The Kiwis like it though.
hungry jacks meat patties seem a lot thinner than burger king NZ. taste more BBQ flame grill in NZ n the states.
Ah, I remember seeing Hungry Jacks everywhere when I was down under. Didn’t have any idea there was this link to Burger King.
Quirky post, like it. And Hungry Jack sounds more properly Australian than Burger King anyway :)
wow that’s pretty interesting. A travely quirk I never really thought about! I love have the background story when I see stuff like that!
Haha I never knew the reason why we had Hungry Jack’s in Australia – thanks!
At one stage they did try rebranding a number of Hungry Jack’s to Burger King but I have noticed that they’ve all reverted back to Hungry Jack’s branding now. :)
Yup! just chalk it up to strange but true :)
We saw Duffin Dagels donut shop in Spain with all the colors and styles of Dunkin Donuts. IN Germany, Subway has now become Mr Sub in a lot of places. To the point that the posters aren’t even different, just a different logo sticker over top of the old one.
Actually, in Adelaide we did have Burger King in the 60’s (I still remember the ‘foot long’ hot dogs). IIRC the Anzac Highway Burger King was renovated/rebuilt and became the first Adelaide Hungry Jacks.
I would love to know why the Burger King trademark in Adelaide expired / lapsed? I mean the trade mark would have been worth millions to sell it to Burger King themselves surely?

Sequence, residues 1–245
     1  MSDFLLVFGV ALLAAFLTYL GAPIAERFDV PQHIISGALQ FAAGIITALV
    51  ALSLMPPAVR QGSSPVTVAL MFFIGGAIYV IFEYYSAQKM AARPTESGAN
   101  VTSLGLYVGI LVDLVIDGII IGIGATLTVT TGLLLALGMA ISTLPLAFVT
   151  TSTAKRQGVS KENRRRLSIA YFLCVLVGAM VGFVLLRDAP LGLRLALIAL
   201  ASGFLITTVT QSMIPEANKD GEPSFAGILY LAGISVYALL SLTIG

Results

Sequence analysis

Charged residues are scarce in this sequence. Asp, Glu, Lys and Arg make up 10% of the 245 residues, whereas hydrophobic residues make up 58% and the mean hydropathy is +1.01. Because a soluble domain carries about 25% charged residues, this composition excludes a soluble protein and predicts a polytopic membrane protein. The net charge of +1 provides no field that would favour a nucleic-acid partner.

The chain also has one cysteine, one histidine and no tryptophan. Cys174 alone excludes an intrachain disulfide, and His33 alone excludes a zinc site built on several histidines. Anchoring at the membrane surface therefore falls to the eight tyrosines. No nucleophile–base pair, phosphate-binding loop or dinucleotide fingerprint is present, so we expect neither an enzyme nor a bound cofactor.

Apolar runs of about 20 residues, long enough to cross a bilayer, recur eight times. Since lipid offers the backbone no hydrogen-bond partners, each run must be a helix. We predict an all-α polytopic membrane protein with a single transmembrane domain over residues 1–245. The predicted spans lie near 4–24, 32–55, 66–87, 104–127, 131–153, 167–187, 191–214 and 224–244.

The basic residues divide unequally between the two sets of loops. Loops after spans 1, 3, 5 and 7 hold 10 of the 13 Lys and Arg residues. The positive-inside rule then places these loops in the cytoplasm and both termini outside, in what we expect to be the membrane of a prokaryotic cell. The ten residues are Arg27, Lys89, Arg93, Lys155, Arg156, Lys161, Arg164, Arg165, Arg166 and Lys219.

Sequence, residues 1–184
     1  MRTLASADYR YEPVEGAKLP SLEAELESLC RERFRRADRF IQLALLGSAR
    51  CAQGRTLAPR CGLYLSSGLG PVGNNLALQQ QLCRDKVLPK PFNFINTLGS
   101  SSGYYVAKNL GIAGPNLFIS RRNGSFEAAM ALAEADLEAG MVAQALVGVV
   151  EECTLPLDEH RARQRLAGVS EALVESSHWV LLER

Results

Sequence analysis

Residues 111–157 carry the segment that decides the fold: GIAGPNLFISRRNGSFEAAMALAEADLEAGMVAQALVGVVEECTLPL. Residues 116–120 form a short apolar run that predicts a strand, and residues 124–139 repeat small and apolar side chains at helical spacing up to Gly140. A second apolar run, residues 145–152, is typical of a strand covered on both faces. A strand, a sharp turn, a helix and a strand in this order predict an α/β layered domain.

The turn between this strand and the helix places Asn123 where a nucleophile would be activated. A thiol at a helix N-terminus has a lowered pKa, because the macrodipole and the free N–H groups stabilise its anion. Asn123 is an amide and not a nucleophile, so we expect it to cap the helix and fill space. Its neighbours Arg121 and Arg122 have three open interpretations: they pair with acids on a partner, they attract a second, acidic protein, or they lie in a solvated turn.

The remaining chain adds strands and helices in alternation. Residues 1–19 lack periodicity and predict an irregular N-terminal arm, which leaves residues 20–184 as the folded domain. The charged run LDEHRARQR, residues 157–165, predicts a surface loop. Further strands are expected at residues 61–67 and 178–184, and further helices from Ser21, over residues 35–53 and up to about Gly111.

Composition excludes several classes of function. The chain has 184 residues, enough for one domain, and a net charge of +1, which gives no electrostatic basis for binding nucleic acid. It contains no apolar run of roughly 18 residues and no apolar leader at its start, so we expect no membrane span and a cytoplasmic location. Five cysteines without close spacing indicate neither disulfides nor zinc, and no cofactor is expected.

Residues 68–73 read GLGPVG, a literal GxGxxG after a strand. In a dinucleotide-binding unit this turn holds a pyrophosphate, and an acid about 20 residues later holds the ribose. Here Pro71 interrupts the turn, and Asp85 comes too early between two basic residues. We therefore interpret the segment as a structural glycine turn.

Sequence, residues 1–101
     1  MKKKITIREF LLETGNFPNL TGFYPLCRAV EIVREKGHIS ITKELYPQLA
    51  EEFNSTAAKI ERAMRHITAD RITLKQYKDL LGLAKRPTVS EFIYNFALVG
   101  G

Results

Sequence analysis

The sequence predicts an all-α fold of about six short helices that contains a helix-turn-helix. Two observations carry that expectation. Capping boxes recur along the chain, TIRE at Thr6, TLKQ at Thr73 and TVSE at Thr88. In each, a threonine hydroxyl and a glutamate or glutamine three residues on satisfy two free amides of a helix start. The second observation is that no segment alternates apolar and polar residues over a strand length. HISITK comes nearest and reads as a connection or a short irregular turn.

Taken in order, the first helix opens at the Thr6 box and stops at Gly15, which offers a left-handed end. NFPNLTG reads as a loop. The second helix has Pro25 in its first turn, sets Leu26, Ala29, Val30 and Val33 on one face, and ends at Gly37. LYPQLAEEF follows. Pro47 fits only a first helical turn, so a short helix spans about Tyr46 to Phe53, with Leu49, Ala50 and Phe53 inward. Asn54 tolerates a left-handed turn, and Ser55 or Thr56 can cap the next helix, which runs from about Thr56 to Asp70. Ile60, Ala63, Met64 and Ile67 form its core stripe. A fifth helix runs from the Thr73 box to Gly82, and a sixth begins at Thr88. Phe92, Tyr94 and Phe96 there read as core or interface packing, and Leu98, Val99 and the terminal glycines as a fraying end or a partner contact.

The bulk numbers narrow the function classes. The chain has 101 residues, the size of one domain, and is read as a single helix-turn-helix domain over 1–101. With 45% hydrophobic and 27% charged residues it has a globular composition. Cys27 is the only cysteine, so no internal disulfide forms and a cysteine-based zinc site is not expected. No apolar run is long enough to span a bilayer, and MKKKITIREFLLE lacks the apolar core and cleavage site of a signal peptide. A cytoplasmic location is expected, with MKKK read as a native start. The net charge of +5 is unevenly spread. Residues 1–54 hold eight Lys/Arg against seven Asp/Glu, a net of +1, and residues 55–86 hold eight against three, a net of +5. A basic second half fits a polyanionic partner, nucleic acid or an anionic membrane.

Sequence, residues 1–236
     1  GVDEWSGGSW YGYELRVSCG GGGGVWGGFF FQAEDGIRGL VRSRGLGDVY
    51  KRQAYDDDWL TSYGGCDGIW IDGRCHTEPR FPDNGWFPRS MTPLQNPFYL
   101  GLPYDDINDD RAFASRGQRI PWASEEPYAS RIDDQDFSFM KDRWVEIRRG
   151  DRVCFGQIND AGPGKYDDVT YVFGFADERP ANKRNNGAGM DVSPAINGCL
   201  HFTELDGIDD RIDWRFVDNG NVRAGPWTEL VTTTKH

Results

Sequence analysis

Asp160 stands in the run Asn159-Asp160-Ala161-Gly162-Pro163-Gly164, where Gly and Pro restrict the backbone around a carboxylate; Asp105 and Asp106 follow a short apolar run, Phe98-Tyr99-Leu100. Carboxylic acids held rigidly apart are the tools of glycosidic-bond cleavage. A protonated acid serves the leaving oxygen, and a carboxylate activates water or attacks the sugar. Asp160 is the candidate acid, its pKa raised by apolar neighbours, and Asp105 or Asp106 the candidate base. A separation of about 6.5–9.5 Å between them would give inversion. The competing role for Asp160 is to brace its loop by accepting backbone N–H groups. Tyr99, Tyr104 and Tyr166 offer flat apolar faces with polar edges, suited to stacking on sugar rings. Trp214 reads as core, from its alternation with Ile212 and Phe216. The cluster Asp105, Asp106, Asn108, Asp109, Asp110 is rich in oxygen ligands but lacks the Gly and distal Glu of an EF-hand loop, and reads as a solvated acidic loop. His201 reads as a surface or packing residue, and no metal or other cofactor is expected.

LOL I agree, apparently they were pretty short sighted
they can’t because big companies will make law suite against you eventually you will loose the case its not like internet domain. when you filed opposition it will escalate further to the court.
The first Burger King in Adelaide and maybe Australia was on Anzac Highway in about 1962. It became Hungry Jacks a couple of years later.
Yup, as I detailed in the post
no Matt you said perth was the 1st in the 70s
Atlanta man with Aussie wife started a copy of Burger King in 1962 sold out to Burger King US in 1972 moved back to Atlanta
Great story trademarks back then less precious !
I remember a Burger King (or a name slightly similar) on Rundle Mall in Adelaide, SA, in 1984-85. North of the “balls”…it has been awhile, though. My memory might be failing me ;)
Actually australia did have burger king for awhile in the early 2000’s but had to later change it to hungry jacks. They still have some items that are typical for a burger king to have.
I was a US Marine and went to Australia many times and was told Burger King was a royalty thing
I lived in Glenelg ( near Adelaide ) in the 1960’s and my brother and I were often taken to the original Burger King in Jetty Street by my parents – they used to do the most tasty burger I have ever had – it was called a Sizzling Steak Burger and was thin strips of steak in a bbq sauce. Your article brought back fond memories.
I know for a fact that in the early 2000’s, Bathurst still had a Burger King and I fondly remember getting food while in the area